Last weekend I attended a hunter clinic with Hunter Jumper rider and instructor Mike Pegg. I thought this would be a good opportunity to get Parker off property and see what I could learn about working him towards the hunters. I am not a hunter, nor will I ever be one, but I love learning about different styles and opening myself up to new ideas. I had not heard of the clinician before which can always be a bit worrisome, but Parker is such a good guy I knew we would make out ok.
To start the clinic off with a bang I forgot my bridle. I was cleaning it that morning and got distracted and forgot to put it in the trailer. Oops. I borrowed one and the best bit they could find was a ported Myler - a bit stronger than his fat full cheek but luckily Parker isn't too bothered by bits or small changes. I have been riding in a running martingale but at first search there wasn't a single attachment in the barn. Not to worry. Later we did manage to find one. Yay!
We started out with introductions and worked the horses in warm up at the end of the arena. Parker was noticeably "up" but even so his "up" is still quite tame in my world. Mike commented we would need to trot around quite a bit more to kill some energy before we started jumping. I kind of laughed because I thought he was being rather quiet! A lady in my group commented that her horse was very lazy and Mike replied "we like lazy horses here", and that's when I knew we certainly were not going to be the class favorites LOL.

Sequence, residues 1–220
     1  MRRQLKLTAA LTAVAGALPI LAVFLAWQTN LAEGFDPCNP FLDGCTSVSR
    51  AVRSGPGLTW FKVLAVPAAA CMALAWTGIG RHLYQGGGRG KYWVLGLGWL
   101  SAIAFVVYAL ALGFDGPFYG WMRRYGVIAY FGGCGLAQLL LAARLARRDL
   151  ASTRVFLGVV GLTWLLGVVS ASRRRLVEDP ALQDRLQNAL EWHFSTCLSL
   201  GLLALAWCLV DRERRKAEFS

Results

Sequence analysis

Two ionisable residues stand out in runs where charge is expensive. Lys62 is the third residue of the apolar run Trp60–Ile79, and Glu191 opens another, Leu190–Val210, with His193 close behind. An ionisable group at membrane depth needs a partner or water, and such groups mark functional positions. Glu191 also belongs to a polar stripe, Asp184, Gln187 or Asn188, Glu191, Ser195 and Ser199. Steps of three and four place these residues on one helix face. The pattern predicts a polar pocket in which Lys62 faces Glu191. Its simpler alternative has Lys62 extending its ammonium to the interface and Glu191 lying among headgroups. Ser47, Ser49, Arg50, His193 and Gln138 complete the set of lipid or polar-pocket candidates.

After warm up we worked on a rectangle, squaring our turns. We worked on shortening the stride on the short side and allowing him to lengthen on the long side. Parker did this nicely as this is something I work on regularly with my guys - changing length of stride. He had me work on straightening him and ensuring my leg was on more. Big barrel and tiny legs = hard work. I enjoyed being pushed to keep my leg on more more more. This is something I work on but easily forget once I get going at home.
Once we were capable through the waiting line we started onto courses. Mike had us ride the 6 stride canter feel throughout the course and did not want us pursuing changes. He said when you come to a fence and don't see a distance it is better to hold and wait wait wait until the distance comes then to arrive and either chip or be long. He had me sit up to the fences which is the polar opposite of what I normally practice. I have learned to ride in a more forward seat since my naturally tenancy is to be left behind and the forward seat has fixed this problem.
I was thrilled with Parker - he jumped around all the scary fillers, got all the distances and waited like I asked. I am not at all a fan of this idea of riding and holding into a fence as it feels very backwards to me. I am curious if this is how the hunter riders who are reading are also taught? For me I much prefer to allow a more forward flowing stride. The distances find themselves and the changes are always much easily and fluid. I did as I was told though and Parker listened. I think Mike saw that Parker wasn't a crazy Thoroughbred but actually a very good boy by the end.
I'm not sure I will continue to ride this way at home in my training but it was certainly an interesting learning experience. This is something Penny could benefit from to slow her down and encourage her to wait for the fences. Overall I had fun, it was good to have Parker out to a new place and he behaved fairly while waiting in the middle of the ring. Would I ride with him again? Maybe if I was showing hunters, but I don't feel I took much away from the clinic other than a different way to ride into the fences and it wasn't a comfortable way to ride for me. I liked Mike though and would recommend him to others.
I am almost more excited for the fall winter clinic season than I am for show season...